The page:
In Moscow, Patriarch of Moscow and All Russia, Aleksy II, celebrated a midnight Mass for 5,000 people at Christ the Savior Cathedral.
The five-hour service was broadcast on national television.
Orthodox Christmas was not officially recognized by the communist regime, but became a public holiday in Russia following the collapse of the Soviet Union in 1991. Communists demolished thousands of churches, including Christ the Savior Cathedral, which was rebuilt in the late 1990s.
The Greek Orthodox patriarch of Jerusalem, Theophilos III, began Christmas ceremonies for Greek, Syrian, and Coptic churches at the ancient Church of the Nativity in Bethlehem on January 6.
The rites were attended by locals and tourists, but in lower numbers than in previous years.
Security concerns contributed to a drop in tourist numbers. The town is cut off from neighboring Jerusalem by Israel's security barrier. People are also concerned about internecine violence that has peaked in recent days in Palestinian areas.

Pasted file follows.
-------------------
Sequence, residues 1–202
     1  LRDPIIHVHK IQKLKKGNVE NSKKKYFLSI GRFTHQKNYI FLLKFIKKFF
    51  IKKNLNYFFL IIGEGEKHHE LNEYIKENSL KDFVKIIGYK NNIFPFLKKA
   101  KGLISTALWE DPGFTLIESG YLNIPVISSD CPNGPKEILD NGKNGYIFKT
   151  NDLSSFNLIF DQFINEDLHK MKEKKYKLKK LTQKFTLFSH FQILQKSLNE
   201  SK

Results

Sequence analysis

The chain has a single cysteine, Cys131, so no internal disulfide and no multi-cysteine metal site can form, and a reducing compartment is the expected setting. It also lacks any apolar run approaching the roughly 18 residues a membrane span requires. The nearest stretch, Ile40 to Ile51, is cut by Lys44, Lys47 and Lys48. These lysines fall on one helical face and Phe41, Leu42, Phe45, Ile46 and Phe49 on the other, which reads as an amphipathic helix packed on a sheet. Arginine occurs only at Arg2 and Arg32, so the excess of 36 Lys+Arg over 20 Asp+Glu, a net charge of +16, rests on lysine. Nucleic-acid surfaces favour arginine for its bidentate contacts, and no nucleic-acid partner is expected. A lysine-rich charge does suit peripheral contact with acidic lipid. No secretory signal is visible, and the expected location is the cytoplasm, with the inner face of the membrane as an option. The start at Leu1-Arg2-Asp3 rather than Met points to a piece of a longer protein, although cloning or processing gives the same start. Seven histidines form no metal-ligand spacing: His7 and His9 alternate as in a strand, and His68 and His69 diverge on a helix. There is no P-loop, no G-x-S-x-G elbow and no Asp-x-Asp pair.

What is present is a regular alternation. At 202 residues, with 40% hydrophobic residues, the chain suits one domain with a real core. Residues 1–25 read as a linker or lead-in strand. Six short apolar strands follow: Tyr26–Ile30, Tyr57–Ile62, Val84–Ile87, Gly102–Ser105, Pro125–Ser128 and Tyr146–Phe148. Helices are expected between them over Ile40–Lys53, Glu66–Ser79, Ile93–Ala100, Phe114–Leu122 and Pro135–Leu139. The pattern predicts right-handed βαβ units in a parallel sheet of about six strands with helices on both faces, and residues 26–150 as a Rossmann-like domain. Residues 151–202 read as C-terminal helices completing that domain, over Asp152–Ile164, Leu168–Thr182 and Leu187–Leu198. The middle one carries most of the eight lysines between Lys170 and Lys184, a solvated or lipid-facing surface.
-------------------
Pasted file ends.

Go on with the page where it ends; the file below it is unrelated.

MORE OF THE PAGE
Kosovo's Last Christmas?
Meanwhile, Orthodox Serbs in Kosovo celebrated Christmas in the shadow of an imminent UN decision on the fate of the breakaway Serbian province, where the Albanian majority demands independence.
Kosovo's remaining 100,000 ethnic Serbs are looking to the future with uncertainty.
"I can't say it'll be the last Christmas in Kosovo, because I'm an optimist and I believe there will be even more in Kosovo," Slavisa Stefanovic, who lives in Kosovska Mitrovica, told Reuters television. "No offence to anyone, but Christmas is always most beautiful in Kosovo."
Father Milija Arsic from the St. Dimitrije church on Miner's Hill above Mitrovica, told Reuters that Serbs will remain in Kosovo.
"We know we are on our own ground, and we will try to stay," Arsic said. "Here was the Serb state, and if God wants it will remain so."
Christmas celebrations in Russia were marred by news of the murder of an Orthodox priest.
Interfax reported that the priest was murdered; religious icons stolen, and his church burned down on January 6 in a village near the Ural Mountains. Twenty-one religious icons, some over 100 years old, are missing from the church. The news agency reported that several suspects had been detained.